The ABCs of Our RLCs

April 21, 2020 Posted by: Andrew Rosales

The Research Learning Centers (RLC) were established in 2001 as part of the National Park Service’s Natural Resource Challenge Program. The Southern California Resource Learning Center (SCRLC) was established in 2002 and supports the NPS’s Mediterranean Coast Network of Cabrillo National Monument, Santa Monica Mountains National Recreation Area, and Channel Islands National Park. 

Dr. Keith Lombardo became the SCRLC Director in 2018 after holding the Chief of Natural Resource Management and Science position at Cabrillo starting in 2014. Keith’s vision for the SCRLC is to support the network parks through an organic growth, common voice, and forward-thinking model. This is accomplished through four key drivers he has developed:

  1. Promote National Parks as premier places for scientific inquiry.
  2. Facilitate and promote the use of science to make resource management decisions.
  3. Improve science literacy by incorporating science into visitor and staff experiences.
  4. Assess and evaluate RLC activities and adapt as necessary to achieve the vision.

The Board of Directors of the SCRLC consists of the Superintendents of the Mediterranean Coast Network (MEDN), while the Technical Committee consists of MEDN Chiefs of Natural Resources, Cultural Resources and Interpretation who provide advice to the SCRLC Director Lombardo on ways to support their parks. These partnerships, along with networking and collaborating with other institutions, has highlighted the science occurring in the MEDN parks through press releases and social media posts.
Two scientists excavate the skeleton of an ancient sea cow fossil on the Channel Islands.
NPS Photo – Fossil excavation of the ancient sea cow species on the Channel Islands.

Some of the projects that the SCRLC has led over the last few years have been the excavation of the first known ancient species of sea cow fossil (a 20-25 mya sirenian) recovered from the Channel Islands, the replacement of camera traps in the field after the Woolsey Fire and assisting with the curation of field images, and Golden Eagle banding at Santa Monica Mountains Recreational Area to name just a few. The sea cow excavation was a collaboration between Channel Islands National Park and the Santa Barbara Museum of Natural History, a great example of how partnerships help serve the four tenets of the SCRLC. This all comes with telling these stories in a manner that will translate these important issues to the public, science communication!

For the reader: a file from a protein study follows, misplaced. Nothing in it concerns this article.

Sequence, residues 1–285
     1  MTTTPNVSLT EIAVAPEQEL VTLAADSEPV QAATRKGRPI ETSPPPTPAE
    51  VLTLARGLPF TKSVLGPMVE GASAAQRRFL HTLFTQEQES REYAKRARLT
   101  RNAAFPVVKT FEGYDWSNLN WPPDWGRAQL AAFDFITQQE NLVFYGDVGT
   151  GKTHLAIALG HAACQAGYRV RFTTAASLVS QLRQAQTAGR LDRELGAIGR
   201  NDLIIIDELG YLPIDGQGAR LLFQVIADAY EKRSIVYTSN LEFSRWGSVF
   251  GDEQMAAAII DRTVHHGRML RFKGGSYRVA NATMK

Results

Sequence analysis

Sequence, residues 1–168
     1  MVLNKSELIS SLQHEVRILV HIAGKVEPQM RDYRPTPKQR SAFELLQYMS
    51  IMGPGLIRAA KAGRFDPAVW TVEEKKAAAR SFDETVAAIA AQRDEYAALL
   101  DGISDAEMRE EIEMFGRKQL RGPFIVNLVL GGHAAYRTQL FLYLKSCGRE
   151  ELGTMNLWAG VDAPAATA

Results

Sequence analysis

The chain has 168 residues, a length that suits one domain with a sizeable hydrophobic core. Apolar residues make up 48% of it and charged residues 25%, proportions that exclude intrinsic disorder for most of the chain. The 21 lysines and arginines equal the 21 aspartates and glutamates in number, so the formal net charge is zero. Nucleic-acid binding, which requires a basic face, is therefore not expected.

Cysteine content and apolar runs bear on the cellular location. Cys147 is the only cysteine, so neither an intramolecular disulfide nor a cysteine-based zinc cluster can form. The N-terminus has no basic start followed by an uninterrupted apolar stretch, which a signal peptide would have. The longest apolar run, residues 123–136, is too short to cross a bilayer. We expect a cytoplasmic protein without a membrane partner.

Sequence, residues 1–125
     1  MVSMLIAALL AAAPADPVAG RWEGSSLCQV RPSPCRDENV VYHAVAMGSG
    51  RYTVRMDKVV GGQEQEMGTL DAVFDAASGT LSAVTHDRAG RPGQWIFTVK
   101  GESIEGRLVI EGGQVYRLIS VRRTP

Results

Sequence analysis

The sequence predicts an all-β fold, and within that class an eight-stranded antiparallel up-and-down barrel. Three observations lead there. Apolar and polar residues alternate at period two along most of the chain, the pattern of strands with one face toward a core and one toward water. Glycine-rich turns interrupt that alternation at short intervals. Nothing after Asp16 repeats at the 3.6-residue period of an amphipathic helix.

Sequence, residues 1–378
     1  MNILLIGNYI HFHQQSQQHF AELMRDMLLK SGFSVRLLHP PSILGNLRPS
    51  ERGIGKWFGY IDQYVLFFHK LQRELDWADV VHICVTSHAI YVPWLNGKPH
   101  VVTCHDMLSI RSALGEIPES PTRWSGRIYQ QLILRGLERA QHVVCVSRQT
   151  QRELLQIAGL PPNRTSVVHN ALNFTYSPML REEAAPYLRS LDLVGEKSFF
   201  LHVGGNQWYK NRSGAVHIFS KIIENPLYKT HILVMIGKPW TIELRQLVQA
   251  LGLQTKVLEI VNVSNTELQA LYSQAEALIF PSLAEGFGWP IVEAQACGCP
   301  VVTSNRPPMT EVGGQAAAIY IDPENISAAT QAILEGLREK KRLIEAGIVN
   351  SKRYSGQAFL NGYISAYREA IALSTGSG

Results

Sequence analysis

A small Mountain lion cub is captured by a camera trap as it crawls down back toward its den in the Santa Monica Mountains.
NPS Photo – A Mountain lion cub is captured by a camera trap in the Santa Monica Mountains, one of the projects the SCRLC helped sponsor.

Under Keith’s leadership, the SCRLC has been given some great recognition. This year, one of our Southern California RLC projects was chosen as the best example of scientific collaboration with an academic partner. It is highlighted as the cover story of this year’s annual newsletter! It is a story about our own population of Shaw’s Agave (Agave shawii) and the science being done to help preserve and protect this plant species on the edge of its range at Cabrillo National Monument.

For more information, look at the attached RLC Report Newsletter and read about the work our SCRLC is doing with our Shaw’s Agave (Agave shawii). It is the cover story of the newsletter and you can read about the other inspiring work being done in other RLCs in the National Park Service. 

The yellow bloom of a Shaw’s Agave has begun to open as the sun sets in the background.
NPS Photo/ Andrew Rosales – The bloom of a Shaw’s Agave has begun to open.

RLC Report Newsletter

CabrilloNationalMonument, Shaw’sAgave, SouthernCaliforniaResource Learning Center, NPS, NPSMediterraneanNetwork, ResourceLearningCenter

Last updated: April 21, 2020

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